Small tortoiseshell at Great Yarmouth by Michael Sankey 1/8
Small tortoiseshell at Pensthorpe by Brian Beckett 2/8
Small tortoiseshell at NWT Hickling by Nick Goodrum 3/8
Small tortoiseshell at Stoke Holy Cross by Elizabeth Dack 4/8
Small tortoiseshell at Ranworth by Elizabeth Dack 5/8
Small tortoiseshell at Strumpshaw Fen by Elizabeth Dack 6/8
Small tortoiseshell at Cley by Maurice Funnell 7/8
Two small tortoiseshell butterflies by Duncan McNab 8/8

Small Tortoiseshell Aglais urticae

Many gardens will have a buddleia, or “butterfly bush” on which the small tortoiseshell used to be a common sight. However, in the last three to four years, there has been a population crash. The reasons for this are yet to be fully understood though the influence of a predator which parasitises the early stages seems likely.

Conservation status

The mere statistics do not record the true position. The population in Britain fell by about 15% between 1976-2004 (The State of Butterflies in Britain and Ireland – 2006). However, numbers fell dramatically in 2006-08 contributing to an overall decline of 64% (30 Years of Norfolk Butterflies). Fluctuations in population seem ‘normal’ for this species and there was something of a recovery in 2010; now seemingly followed by another crash.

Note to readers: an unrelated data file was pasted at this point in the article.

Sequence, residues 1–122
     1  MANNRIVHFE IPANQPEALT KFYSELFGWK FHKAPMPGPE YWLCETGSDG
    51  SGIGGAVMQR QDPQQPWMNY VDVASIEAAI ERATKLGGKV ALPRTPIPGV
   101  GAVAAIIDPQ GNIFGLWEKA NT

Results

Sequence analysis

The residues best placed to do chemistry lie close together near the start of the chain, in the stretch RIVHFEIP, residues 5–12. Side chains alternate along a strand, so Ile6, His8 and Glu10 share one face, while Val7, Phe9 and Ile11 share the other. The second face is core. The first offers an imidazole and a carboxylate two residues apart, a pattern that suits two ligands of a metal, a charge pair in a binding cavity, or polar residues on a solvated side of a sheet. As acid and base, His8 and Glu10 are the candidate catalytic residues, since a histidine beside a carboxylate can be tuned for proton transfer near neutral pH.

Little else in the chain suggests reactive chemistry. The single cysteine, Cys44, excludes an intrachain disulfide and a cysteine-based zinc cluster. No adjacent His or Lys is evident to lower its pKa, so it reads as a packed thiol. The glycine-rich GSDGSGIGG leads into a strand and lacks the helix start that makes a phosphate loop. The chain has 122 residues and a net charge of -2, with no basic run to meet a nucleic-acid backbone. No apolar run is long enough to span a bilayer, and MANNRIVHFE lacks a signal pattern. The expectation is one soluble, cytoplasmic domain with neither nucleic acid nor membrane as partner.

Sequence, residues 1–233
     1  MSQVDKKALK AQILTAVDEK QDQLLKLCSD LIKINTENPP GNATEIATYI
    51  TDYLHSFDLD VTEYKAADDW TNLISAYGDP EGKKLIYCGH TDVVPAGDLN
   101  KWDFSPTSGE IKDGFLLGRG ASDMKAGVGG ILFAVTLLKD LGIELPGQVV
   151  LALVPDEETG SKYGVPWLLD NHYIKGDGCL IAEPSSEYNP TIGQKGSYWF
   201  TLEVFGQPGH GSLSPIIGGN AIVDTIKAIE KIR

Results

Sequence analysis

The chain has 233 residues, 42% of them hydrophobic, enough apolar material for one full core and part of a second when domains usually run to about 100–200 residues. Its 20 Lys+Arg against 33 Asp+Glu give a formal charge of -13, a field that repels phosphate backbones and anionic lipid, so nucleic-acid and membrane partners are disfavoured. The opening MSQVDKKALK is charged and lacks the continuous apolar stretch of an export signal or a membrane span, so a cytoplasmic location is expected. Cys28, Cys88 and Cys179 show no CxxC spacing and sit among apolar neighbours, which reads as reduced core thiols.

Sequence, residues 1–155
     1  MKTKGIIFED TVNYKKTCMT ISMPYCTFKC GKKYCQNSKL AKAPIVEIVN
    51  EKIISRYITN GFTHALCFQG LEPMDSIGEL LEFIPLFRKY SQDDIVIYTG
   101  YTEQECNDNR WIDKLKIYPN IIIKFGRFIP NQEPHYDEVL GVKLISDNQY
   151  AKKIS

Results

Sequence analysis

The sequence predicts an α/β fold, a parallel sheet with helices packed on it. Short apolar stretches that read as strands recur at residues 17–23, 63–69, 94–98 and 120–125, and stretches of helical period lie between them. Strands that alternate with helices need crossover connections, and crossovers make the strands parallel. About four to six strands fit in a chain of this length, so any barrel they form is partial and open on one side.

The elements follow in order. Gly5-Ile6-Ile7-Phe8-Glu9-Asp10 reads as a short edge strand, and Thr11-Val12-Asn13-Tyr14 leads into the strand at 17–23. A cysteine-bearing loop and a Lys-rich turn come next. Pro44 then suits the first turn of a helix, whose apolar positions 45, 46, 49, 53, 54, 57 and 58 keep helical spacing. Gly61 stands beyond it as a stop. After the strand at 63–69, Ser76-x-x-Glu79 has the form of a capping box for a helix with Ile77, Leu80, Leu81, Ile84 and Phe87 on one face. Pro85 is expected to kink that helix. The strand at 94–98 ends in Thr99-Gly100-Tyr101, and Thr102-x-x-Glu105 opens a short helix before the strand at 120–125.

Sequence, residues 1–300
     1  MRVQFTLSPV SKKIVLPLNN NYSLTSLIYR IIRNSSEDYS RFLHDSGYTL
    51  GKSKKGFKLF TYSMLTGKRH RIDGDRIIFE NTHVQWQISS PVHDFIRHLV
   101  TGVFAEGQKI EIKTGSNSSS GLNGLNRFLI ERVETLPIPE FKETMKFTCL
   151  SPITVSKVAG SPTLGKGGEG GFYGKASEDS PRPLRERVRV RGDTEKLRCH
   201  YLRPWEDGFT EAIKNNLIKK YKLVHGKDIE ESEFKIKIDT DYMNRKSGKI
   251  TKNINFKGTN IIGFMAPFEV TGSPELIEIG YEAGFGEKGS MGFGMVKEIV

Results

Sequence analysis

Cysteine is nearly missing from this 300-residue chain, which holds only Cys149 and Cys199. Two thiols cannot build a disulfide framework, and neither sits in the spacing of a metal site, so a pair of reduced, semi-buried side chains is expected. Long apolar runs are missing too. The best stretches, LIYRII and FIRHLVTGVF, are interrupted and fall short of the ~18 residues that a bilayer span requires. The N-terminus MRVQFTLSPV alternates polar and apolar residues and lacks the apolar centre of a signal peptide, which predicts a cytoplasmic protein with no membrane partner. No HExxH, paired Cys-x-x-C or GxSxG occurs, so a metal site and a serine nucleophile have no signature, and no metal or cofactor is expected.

Related questions & advice

What is the difference between moths and butterflies?


Did you know? The British population is augmented by immigration from the Continent. They can sometimes be observed coming in off the North Sea.
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